A process begins with one initial thread. The initial thread can create new threads, which in turn can create their own new threads. Under normal conditions, the process ends when each thread in the process terminates.
Creating a thread begins with the CreateThread function call.
We can instruct the parent thread to wait for the child thread by using the WaitForSingleObject function.
lpThreadAttributes can be set to NULL to use the default security attributes. dwStackSize can be set to the default size by passing in 0. The default is 1 MB reserved from the paging file. The lpStartAddress, the third parameter, should be the identifier of the function we wish to run in the new thread. The lpParameter provides a way to pass parameters into the new thread. The lpParameter is of type LPVOID, which is defined as typedef void*. A void pointer can hold the address to data of any type. The dwCreationFlags parameter allows us to create a suspended thread. The default is for the thread to start immediately. The lpThreadId parameter holds a pointer to a DWORD value. The thread ID of the new thread will be stored at this memory location.
The threads in a process have their priority set relative to their parent process. The priority of threads determines how much CPU time they get relative to one another and to other threads in other processes. We can set a thread’s priority using the SetThreadPriority function, and we can get a thread’s priority using the GetThreadPriority function. Threads initially start at THREAD_PRIORITY_NORMAL.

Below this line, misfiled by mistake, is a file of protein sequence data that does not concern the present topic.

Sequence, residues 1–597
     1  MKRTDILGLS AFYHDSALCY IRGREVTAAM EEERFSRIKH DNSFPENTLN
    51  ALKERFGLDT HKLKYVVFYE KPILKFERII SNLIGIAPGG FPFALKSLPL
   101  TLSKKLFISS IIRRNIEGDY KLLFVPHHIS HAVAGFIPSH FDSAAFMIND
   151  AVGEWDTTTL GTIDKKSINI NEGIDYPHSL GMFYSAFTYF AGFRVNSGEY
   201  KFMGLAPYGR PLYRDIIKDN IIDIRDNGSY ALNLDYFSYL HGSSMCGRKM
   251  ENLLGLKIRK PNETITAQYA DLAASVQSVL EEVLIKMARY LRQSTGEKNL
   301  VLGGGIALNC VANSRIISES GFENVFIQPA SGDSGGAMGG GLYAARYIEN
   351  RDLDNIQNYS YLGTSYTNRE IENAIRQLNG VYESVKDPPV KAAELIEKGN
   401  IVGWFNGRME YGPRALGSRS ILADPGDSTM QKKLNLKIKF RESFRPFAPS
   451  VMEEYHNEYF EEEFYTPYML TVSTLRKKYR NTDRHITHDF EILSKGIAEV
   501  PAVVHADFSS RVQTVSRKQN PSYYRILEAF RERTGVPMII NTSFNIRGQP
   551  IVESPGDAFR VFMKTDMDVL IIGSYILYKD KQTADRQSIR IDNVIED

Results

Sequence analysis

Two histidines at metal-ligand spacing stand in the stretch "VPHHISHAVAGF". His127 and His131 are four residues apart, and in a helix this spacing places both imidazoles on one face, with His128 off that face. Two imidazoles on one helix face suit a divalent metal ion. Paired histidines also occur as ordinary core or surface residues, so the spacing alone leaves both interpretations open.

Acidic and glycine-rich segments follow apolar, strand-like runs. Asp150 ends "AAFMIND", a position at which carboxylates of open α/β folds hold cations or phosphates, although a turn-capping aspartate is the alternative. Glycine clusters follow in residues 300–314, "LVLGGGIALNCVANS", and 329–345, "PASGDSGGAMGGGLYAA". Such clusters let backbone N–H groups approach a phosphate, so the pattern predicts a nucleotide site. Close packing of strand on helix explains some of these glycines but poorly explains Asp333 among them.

The CloseHandle Function
The CloseHandle function when called with a thread decrements the reference count of the thread kernel object. When the count reaches zero, the object itself is freed. The default reference count for a thread object is two, sibce the thread itself has a reference to the kernel object, and the HANDLE returned from the CreateThread function does as well. When we call the CloseHandle function the reference count drops, and when the thread itself terminats the count also drops. Both are required for the thread kernel object to be destroyed.
The CreateThread function returns a HANDLE that is local to the process. This handle refers to a kernel object that is managed by KERNEL32.DLL. The handel points to something that our program is not allowed to access directly, for security and system integrity reasons.
We can use the GetExitCodeThread function to get the status of a thread. We supply the HANDLE to the kernel object and a pointer to a DWORD variable to store the status.
The GetExitCodeThread function returns a Boolean value indicating whether or not it succeeded. If the thread is still active, the value stored in the DWORD variable will be STILL_ACTIVE.
We can suspend and resume threads using the SuspendThread and ResumeThread functions.
Note that if we start a thread in a suspended state by setting the dwCreationFlags parameter to CREATE_SUSPENDED.
The priority of threads determines the amount of CPU time they are allocated relative to one another and to other threads in other processes. We can set the priority of a thread using the SetThreadPriority function and retrieve the priority using GetThreadPriority function.